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TNK-BP deal goes ahead

BP AND Alfa Group and Access-Renova (AAR) have completed the deal to combine their Russian and Ukrainian oil and gas businesses, forming TNK-BP.

Last month, rumours intensified that other oil majors will soon follow suit. In a mid-September report, the Wall Street Journal claimed ChevronTexaco and ExxonMobil are planning to launch rival bids for 25% of Yukos-Sibneft. Yukos dismissed the rumours as speculation. It said it has no written or verbal agreements to sell a substantial block of company shares, nor is it aware of any such agreements signed by its shareholders.

TNK-BP, the country's third-largest oil and gas firm, will produce around 1.2m barrels a day (b/d) from its main oilfields in western Siberia and the Volga Urals. Completion of the company's acquisition of Slavneft will increase oil output by about 160,000 b/d.

On 29 August, BP said it would immediately pay AAR $2.6bn in cash for its stake in the new company, plus three annual tranches of $1.25bn in BP shares. BP also reached an agreement with AAR to incorporate AAR's 50% interest in Slavneft into TNK-BP in return for a cash payment by BP of $1.35bn, subject to adjustments. The company will be owned and managed 50:50 by BP and AAR.

Stephen O'Sullivan, head of research at UFG, which advised BP on the deal, says TNK-BP's immediate priority is to rationalise its portfolio, selling off assets that do not meet its investment criteria. It must also ensure that it maintains strong medium-term production growth, he adds.

The signs so far have been impressive. Last month, Robert Dudley, the chief executive of TNK-BP, said the company had raised its year-on-year crude oil production growth forecast for 2003 to 12% from 11% (based on the combined assets of TNK and Sidanco).

Although no forecasts have been made beyond 2003, TNK-BP estimates it can return around 40% of its 12,000 idle wells - around half of which are in the giant Samotlor field - to production. TNK-BP expects to start this programme around the end of the first quarter of 2004.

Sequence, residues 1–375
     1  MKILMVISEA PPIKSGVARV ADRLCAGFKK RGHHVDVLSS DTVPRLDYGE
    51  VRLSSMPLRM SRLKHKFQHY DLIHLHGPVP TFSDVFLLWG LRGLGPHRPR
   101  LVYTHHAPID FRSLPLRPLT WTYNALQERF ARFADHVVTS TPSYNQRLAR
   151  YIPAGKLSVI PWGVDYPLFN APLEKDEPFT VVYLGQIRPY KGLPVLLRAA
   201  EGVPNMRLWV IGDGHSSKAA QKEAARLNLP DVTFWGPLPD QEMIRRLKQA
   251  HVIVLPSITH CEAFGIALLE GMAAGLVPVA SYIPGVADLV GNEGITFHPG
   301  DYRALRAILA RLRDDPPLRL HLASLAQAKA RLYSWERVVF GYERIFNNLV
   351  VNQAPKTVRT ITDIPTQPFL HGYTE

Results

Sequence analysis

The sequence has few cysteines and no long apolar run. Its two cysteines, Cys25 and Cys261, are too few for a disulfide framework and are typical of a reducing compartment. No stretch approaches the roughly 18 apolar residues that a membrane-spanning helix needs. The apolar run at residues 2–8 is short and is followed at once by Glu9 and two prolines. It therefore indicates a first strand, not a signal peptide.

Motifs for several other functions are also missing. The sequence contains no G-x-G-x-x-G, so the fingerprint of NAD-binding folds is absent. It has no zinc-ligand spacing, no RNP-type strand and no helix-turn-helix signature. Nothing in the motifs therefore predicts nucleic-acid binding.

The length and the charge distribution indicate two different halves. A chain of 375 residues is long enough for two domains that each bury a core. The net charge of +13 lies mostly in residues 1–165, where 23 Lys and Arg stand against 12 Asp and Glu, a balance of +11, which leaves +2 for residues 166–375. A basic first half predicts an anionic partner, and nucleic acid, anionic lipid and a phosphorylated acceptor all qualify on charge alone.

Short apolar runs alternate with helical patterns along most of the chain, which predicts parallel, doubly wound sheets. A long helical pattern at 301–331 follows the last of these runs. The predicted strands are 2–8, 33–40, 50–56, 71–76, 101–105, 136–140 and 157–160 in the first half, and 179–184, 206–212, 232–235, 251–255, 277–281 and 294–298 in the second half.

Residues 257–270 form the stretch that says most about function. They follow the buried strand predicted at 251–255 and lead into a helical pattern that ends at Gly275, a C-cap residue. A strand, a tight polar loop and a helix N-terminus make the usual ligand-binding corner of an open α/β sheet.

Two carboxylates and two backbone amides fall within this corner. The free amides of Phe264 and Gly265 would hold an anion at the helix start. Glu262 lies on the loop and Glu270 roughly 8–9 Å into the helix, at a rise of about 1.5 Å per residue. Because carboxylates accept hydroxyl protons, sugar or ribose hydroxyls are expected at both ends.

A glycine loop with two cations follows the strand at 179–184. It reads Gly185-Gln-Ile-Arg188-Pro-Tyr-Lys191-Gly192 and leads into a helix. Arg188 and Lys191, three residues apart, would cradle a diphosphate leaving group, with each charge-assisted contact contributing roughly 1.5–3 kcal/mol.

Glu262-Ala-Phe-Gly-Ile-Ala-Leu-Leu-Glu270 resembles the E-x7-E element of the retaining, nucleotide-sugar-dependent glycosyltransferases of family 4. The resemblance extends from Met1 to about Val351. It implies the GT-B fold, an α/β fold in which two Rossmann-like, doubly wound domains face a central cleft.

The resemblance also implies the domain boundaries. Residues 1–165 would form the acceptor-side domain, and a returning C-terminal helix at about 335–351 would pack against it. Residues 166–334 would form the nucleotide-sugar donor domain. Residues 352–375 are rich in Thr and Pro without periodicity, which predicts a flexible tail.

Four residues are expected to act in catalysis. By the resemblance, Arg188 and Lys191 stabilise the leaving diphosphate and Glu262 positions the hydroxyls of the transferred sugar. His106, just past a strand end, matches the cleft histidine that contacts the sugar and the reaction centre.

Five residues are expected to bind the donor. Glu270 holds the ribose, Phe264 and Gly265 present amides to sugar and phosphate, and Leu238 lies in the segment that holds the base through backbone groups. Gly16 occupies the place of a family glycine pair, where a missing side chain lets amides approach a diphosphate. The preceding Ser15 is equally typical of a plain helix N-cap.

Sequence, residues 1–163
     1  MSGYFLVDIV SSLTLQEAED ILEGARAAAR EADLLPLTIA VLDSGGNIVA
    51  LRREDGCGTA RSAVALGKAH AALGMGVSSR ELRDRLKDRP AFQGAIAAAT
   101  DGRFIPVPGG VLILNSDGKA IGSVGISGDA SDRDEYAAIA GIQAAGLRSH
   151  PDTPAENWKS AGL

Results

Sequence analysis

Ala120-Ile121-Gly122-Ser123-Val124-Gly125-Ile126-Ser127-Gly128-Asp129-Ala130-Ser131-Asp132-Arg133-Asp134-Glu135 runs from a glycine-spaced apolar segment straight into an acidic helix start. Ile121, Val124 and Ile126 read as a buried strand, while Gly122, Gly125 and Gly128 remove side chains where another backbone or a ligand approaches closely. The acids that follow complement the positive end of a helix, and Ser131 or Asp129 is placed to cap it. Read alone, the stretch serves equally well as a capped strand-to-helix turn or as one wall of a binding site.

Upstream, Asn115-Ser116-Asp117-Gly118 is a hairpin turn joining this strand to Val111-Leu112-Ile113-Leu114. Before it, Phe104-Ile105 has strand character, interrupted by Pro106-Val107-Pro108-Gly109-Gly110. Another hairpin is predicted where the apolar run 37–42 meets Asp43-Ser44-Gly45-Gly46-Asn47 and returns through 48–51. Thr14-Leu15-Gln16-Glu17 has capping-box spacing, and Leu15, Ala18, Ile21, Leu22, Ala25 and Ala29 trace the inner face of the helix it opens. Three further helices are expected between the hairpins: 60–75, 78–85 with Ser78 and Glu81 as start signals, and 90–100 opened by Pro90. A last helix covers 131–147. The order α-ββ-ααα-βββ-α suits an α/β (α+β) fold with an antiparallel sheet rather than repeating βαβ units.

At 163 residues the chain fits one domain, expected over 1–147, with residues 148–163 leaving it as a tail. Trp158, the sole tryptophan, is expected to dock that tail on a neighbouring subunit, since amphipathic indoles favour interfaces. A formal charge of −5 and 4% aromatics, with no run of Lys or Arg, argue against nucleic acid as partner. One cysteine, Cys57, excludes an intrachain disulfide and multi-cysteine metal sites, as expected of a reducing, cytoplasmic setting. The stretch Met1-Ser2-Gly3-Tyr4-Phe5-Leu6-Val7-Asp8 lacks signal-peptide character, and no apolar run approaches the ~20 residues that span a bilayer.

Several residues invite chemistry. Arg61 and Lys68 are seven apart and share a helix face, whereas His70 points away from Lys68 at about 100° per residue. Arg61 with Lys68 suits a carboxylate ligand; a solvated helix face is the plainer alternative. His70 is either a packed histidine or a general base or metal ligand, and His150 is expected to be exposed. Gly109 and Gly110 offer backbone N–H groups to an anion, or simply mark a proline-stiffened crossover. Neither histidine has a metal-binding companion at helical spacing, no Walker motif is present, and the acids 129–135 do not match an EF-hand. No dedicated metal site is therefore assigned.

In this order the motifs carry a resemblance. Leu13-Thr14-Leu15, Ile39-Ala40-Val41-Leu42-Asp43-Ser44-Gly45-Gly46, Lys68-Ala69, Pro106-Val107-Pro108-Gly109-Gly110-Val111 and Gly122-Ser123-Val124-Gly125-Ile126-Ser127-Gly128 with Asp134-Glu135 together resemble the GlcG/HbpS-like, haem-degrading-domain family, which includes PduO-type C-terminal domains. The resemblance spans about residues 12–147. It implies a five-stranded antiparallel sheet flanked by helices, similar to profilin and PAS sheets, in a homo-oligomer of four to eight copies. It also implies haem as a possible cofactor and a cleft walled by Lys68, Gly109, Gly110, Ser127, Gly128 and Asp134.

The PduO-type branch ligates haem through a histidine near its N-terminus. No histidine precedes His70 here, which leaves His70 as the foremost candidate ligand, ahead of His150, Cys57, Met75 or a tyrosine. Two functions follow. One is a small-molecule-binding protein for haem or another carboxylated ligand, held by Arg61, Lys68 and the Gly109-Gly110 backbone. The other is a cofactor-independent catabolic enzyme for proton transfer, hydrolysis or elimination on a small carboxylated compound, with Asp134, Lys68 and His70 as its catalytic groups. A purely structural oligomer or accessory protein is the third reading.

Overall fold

Adam Landes, oil and gas analyst at Renaissance Capital, agrees that maintaining the momentum in upstream growth is a priority. There is some evidence that it is already accelerating production growth markedly, but it needs to show it can do that on a sustained basis. He adds that successfully blending the two corporate cultures, enforcing adequate corporate-governance standards and ensuring minority shareholders are dealt with fairly are other important near-term challenges.

The transaction excludes BP's share in its Sakhalin interest (in blocks 4 and 5), which it originally intended to contribute to the new company. The formation of a Sakhalin joint venture with its licence partner, Rosneft, is still under negotiation, but the Sakhalin interest could be contributed to TNK-BP at a later date, BP claims.

The company adds that the exclusion of Sakhalin, together with interest and other minor adjustments, accounted for the slight rise in its initial cash payment to AAR to $2.6bn, up from the $2.4bn estimate announced in June.

Completion of the Slavneft deal, which is subject to the approval of the regulatory authorities of the European Union, Russia and Belarus, is expected before the end of the year. The deal will be effective from May 1 2003.

As of 31 December 2002, under Russian accounting standards, the Slavneft group reported total net assets of $0.89bn, and 2002 profit after tax (before exceptional items and minority interest) of $430m.

TNK/AAR holds around 50% of the Slavneft group. The Slavneft interest is held jointly with Sibneft and was acquired through a number of transactions, including the Slavneft privatisation in December.

Although it is predominantly an upstream business, TNK-BP also operates five refineries in Russia and Ukraine, with installed capacity over 1m b/d and more than 2,100 filling stations across the two countries.

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